The Right Ventricle in COVID-19 Patients: History
Please note this is an old version of this entry, which may differ significantly from the current revision.

Cardiac involvement has been described during the course of SARS-CoV-2 disease (COVID-19), with different manifestations. Several series have reported only increased cardiac troponin without ventricular dysfunction, others the acute development of left or right ventricular dysfunction, and others myocarditis. 

  • COVID-19
  • cardiac imaging
  • cardiac disease

1. Characteristics and Importance of Right Ventricular Dysfunction

Isolated RV dysfunction in patients with COVID-19 may suggest acute pulmonary hypertension, right myocardial infarction, or focal myocarditis. Given the high incidence of acute respiratory distress syndrome (ARDS) requiring mechanical ventilation and the state of hypercoagulability responsible to the development of deep vein thrombosis and pulmonary embolism, lung parenchyma and pulmonary microcirculation damage may contribute to RV dilation and dysfunction. In addition, positive end-expiratory pressure, common ventilatory support, can acutely worsen RV function, and this persistent dysfunction correlates with an adverse prognosis [53].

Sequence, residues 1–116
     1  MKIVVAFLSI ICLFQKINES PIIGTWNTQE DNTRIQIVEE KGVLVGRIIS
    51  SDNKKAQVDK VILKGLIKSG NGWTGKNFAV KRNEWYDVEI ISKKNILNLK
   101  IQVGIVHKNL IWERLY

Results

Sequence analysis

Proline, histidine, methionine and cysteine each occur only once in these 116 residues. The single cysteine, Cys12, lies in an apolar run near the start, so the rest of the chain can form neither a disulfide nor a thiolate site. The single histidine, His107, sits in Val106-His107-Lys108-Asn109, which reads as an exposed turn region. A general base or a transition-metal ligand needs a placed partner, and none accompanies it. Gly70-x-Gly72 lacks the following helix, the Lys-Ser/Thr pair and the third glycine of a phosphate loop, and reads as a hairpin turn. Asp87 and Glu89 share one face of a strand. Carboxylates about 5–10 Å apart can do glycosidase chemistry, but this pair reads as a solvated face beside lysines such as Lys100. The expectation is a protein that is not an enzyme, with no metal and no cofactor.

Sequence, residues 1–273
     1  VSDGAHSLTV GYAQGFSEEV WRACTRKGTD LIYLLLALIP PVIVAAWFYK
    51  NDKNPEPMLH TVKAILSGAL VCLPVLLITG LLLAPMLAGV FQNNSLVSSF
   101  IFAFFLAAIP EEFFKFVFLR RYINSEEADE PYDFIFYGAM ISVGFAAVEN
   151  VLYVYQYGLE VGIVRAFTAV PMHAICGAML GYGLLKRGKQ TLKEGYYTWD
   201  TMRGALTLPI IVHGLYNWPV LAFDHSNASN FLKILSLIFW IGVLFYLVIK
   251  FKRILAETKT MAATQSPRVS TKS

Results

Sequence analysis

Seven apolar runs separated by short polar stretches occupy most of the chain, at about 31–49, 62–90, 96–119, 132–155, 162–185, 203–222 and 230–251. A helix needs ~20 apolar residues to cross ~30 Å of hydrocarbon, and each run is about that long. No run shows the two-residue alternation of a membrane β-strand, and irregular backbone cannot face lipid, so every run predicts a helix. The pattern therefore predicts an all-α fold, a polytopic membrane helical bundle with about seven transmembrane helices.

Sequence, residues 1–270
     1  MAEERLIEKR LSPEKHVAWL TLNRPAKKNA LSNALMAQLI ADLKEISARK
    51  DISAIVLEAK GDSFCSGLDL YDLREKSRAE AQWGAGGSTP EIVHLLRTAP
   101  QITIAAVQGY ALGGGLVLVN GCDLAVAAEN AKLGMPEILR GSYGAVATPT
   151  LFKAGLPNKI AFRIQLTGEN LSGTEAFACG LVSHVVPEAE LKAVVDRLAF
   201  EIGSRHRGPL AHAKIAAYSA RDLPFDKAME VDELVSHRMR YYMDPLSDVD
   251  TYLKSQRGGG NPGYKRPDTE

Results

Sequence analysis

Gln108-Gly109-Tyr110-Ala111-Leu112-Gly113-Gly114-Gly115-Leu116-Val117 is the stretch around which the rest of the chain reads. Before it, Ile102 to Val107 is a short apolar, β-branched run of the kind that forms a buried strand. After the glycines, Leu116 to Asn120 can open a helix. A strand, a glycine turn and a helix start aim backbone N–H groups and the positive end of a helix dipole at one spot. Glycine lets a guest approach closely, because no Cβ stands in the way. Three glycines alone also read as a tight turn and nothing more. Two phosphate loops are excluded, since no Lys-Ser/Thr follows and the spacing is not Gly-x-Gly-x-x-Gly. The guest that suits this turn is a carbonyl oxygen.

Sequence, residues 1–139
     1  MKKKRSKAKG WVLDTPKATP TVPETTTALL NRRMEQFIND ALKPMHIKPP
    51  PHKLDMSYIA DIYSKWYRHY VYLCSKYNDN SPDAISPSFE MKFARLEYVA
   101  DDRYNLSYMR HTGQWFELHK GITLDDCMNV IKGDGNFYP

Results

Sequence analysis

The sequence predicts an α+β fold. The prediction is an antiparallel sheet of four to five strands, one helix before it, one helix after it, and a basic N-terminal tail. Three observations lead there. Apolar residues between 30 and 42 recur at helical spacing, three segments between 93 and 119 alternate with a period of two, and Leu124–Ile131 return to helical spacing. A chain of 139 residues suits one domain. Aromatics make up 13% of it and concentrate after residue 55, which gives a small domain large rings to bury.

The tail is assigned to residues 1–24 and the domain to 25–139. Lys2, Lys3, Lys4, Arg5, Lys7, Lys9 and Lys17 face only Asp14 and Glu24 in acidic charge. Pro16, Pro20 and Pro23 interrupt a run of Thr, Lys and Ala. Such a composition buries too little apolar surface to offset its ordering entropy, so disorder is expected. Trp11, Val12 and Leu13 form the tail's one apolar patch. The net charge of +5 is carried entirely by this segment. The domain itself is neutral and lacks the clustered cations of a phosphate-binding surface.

Data on RV involvement in COVID-19 have been published. The group of Szekely and Lichter [10], who first conducted the above-mentioned echocardiographic study within 24 h of patients’ admission, described RV dilation in 40% of patients, with or without dysfunction. The pulmonary acceleration time (AT) was reduced, demonstrating an increase in pulmonary vascular resistance, and FAC and the peaks’ wave at TDI were lower than in normal values, demonstrating a reduced RV function. The reduction in AT, which suggests a RV afterload increase, assumed a prognostic value, being associated with more complex clinical pictures. Progressive clinical deterioration observed in 20% of patients and troponin increase were related to RV dilatation and dysfunction. Other investigators provided further information. Lazzeri et al. [54] demonstrated, in a population of 42 patients with moderate to severe ARDS, that troponin release was related to RV dysfunction. Argulian et al. [55] conducted an echocardiographic study on 105 consecutive hospitalized patients, of which 30% had mechanical ventilatory support at the time of the echocardiographic examination. RV dilation was observed in 31% of patients and on multivariate analysis, RV dilation was the only variable significantly associated with mortality. To evaluate the prevalence and prognostic value of pulmonary hypertension and RV dysfunction in patients admitted to non-intensive care units, Pagnesi et al. [56] conducted an observational echocardiographic study on 200 patients. The prevalence of pulmonary hypertension (PAPs ≥ 35 mmHg) was 12% and that of RV dysfunction (TAPSE < 17 mm or s-wave < 9.5 cm/s) 14.5%. Patients with pulmonary hypertension were older and with more comorbidities and with signs of more severe pulmonary impairment, in radiological, laboratory, and oxygen saturation terms. Patients with RV dysfunction, on the other hand, had more comorbidities but no evidence of more severe lung disease. Furthermore, patients with pulmonary hypertension, unlike those with RV dysfunction, were associated with a higher rate of in-hospital mortality and ICU transfer. On the basis of these findings, it is imperative for the clinician to pay attention to RV function in hospitalized patients, especially in patients with severe pneumonia, ARDS, and on ventilation.